On March 7, 2015, the seedings and pairings were announced for March Madness, Hollywood Style. We have seen my results of the East Region, so here are the results from the Mid-West Region of the “Round of 64” which, of course, is completely made up and so is the completion of Round 1 in the Mid-West bracket. The match-up summaries and results are as follows:
Top of the Bracket:
Hoosiers (Basketball, 1986) # 1 Seed
Breaking Away (Cycling, 1979) #16 Seed
The Selection Committee created an all-Indiana match-up here. “Hoosiers” is loosely based on the true story of a small town basketball team that did the impossible by winning the Indiana High School State Championship in 1954. Gene Hackman is terrific as Head Coach Norman Dale and Dennis Hopper was nominated for an Oscar for his performance as a town drunk whose son played for the team. What makes the film even better is that the young actors who took the court could actually play basketball, albeit old school style. My guess is that most of you never saw or heard of “Breaking Away” and, after today, may not hear about it again. So, by way of summary, it provides a fictional account of an actual annual event that took place in Bloomington, Indiana. It was a cycling marathon called the Indiana University Little 500 and four local kids (referred to as “cutters”) decide to enter the university-sponsored event. An interesting aside is that one of the four cutters was played by Daniel Stern, who went on the play memorable characters in “Home Alone” (Marv) and “Rookie of the Year” (Coach Brickma). “Breaking Away” won the Academy Award for Best Screenplay but “Hoosiers” breaks away early from “Breaking Away” and repeats as Indiana champs.
Major League (Baseball, 1989) #8 Seed
Slap Shot (Hockey, 1977) #9 Seed
“Major League” had it all, including Charlie Sheen playing Ricky “Wild Thing” Vaughn, a character that was more true to his life than thought at the time. Bob Uecker did as much for added comedy in this film as Vin Scully did for added drama in “For Love of the Game.” There are as many quotable lines from this film as almost any other. Acting legend Paul Newman starred in “Slap Shot,” a film that focused on minor league hockey. The Charleston Chiefs were perennial losers and were facing extinction due a downturn in the local economy. As a promotional approach, they resorted to violence on the ice and it not only attracted fans, it lead to a championship. Many consider it to be among the great sports/comedy films and I agree. “Major League” gets upset by the minor league Charleston Chiefs and “Slap Shot” continues to get a shot in the round of 32.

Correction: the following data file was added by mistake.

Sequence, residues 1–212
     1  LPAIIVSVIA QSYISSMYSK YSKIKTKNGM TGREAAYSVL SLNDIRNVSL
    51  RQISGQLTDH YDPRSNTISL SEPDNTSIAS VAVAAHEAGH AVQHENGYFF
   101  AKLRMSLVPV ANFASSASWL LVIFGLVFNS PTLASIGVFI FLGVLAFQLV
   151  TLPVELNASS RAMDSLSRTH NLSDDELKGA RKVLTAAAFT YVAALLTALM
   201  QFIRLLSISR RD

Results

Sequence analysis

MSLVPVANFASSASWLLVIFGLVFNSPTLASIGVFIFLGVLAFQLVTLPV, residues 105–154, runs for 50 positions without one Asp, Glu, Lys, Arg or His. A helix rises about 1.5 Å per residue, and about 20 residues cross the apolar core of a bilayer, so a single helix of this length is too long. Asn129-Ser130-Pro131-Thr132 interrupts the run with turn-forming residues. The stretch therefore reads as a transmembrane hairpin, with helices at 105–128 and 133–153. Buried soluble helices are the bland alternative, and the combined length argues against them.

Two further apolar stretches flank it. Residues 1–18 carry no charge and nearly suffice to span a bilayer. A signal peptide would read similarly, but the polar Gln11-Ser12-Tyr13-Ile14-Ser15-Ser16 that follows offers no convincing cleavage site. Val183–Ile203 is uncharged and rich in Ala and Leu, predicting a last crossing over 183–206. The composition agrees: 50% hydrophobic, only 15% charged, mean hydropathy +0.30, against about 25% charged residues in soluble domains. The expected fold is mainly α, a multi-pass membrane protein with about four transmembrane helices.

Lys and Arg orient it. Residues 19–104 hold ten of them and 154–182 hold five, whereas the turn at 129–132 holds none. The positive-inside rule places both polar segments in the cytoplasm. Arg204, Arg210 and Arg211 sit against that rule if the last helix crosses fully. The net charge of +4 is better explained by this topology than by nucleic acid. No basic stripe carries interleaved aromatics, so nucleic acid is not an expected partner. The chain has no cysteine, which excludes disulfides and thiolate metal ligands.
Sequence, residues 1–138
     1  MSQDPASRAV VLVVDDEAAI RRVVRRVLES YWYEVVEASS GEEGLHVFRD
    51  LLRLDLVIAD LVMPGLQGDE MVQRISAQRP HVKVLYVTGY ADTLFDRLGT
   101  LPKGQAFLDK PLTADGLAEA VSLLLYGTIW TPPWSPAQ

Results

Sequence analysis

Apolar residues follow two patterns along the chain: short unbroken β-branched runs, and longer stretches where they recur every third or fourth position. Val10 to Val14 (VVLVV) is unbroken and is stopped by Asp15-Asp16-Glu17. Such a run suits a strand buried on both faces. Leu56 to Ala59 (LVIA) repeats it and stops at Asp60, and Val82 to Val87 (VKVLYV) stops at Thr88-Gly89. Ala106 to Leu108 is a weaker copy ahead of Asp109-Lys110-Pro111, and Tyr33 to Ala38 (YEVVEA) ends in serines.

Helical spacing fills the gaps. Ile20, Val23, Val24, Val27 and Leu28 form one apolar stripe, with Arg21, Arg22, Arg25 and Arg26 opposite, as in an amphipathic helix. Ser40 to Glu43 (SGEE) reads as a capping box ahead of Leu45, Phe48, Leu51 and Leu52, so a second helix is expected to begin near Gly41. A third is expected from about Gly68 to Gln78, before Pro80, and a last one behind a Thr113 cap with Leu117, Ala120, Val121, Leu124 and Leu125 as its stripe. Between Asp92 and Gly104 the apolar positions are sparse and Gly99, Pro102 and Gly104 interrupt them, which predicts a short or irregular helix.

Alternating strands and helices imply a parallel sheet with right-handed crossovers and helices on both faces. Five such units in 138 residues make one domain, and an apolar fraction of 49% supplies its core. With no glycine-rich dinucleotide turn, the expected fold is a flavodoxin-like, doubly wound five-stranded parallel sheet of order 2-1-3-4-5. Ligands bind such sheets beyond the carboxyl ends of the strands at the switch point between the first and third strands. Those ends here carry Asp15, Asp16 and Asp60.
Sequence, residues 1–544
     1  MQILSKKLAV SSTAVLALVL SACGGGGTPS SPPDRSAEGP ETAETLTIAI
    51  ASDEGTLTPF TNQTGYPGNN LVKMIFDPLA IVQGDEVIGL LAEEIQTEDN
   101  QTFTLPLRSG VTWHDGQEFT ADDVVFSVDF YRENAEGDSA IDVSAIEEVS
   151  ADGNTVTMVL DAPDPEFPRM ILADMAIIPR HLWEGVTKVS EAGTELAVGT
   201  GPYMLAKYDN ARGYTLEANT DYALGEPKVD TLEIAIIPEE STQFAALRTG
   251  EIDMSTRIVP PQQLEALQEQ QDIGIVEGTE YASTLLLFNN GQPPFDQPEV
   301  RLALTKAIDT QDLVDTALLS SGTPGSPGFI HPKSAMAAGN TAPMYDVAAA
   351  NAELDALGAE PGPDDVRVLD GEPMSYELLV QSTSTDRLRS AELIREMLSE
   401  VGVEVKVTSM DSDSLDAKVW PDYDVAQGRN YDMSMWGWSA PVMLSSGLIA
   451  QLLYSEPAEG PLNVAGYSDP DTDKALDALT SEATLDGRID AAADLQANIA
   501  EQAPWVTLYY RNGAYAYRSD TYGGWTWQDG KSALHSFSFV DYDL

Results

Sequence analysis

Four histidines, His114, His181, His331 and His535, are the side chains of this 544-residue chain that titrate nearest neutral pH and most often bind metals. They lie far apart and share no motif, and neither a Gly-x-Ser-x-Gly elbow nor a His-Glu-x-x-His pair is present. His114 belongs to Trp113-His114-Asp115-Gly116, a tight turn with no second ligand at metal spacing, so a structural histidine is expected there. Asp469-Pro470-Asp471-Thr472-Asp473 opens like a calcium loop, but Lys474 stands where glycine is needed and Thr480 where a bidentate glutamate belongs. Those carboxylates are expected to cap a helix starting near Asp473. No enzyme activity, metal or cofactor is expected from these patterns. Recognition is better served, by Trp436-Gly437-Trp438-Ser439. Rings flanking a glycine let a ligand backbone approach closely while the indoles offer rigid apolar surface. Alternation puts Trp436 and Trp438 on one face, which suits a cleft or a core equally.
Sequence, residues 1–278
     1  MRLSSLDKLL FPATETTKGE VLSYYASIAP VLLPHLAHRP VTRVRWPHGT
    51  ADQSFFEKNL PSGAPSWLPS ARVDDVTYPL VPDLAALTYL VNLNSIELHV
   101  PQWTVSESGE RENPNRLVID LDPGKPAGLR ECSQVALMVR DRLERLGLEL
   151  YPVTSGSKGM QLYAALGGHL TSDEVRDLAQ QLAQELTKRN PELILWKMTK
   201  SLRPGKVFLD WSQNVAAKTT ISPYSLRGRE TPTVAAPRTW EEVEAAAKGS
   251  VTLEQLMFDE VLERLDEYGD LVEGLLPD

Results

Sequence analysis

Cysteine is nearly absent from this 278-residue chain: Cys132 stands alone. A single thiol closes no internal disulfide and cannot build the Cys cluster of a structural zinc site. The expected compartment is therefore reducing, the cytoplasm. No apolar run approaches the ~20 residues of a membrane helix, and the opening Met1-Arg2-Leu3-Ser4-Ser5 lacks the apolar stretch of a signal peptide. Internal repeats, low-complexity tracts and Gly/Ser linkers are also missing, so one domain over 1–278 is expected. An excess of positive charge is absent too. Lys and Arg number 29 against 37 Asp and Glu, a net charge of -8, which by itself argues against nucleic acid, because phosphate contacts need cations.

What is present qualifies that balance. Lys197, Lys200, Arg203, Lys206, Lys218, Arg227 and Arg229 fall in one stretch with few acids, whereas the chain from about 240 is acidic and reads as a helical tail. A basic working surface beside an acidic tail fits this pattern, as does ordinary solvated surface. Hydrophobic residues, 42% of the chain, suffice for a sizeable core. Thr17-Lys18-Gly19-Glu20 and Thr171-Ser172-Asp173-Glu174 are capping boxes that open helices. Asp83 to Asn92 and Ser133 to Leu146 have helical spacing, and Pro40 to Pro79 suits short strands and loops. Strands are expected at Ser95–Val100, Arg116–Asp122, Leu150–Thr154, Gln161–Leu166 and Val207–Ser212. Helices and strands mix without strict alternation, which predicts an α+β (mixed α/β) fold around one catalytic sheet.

Round of 32 match-up: #9 “Slap Shot” against #1 “Hoosiers.”
Field of Dreams (Baseball, 1989) #4 Seed
Eight Men Out (Baseball, 1988) #13 Seed
Another Kevin Costner baseball film and one of the most memorable lines in movie history (“If you build it, they will come”), “Field of Dreams” reminds us why baseball has been the national pastime. Very little actual baseball is played but yet it is perhaps the most iconic films for the joy of a father and son playing “catch.” In this match-up, it goes against “Eight Men Out,” the story about the 1919 “Black Sox” scandal in which players for the Chicago White Sox were implicated in a game fixing scandal. It is the reason why Shoeless Joe Jackson has never been inducted at Cooperstown. Jackson was implicated by association despite him putting up phenomenal numbers during the 1919 World Series. It is noteworthy that in “Field of Dreams,” Ray Liotta played Shoeless Joe Jackson. Shoeless Joe does better in 1989 than he did in 1919 and “Field of Dreams” advances.
Rookie of the Year (Baseball, 1993) #5 Seed
Little Big League (Baseball, 1994) #12 Seed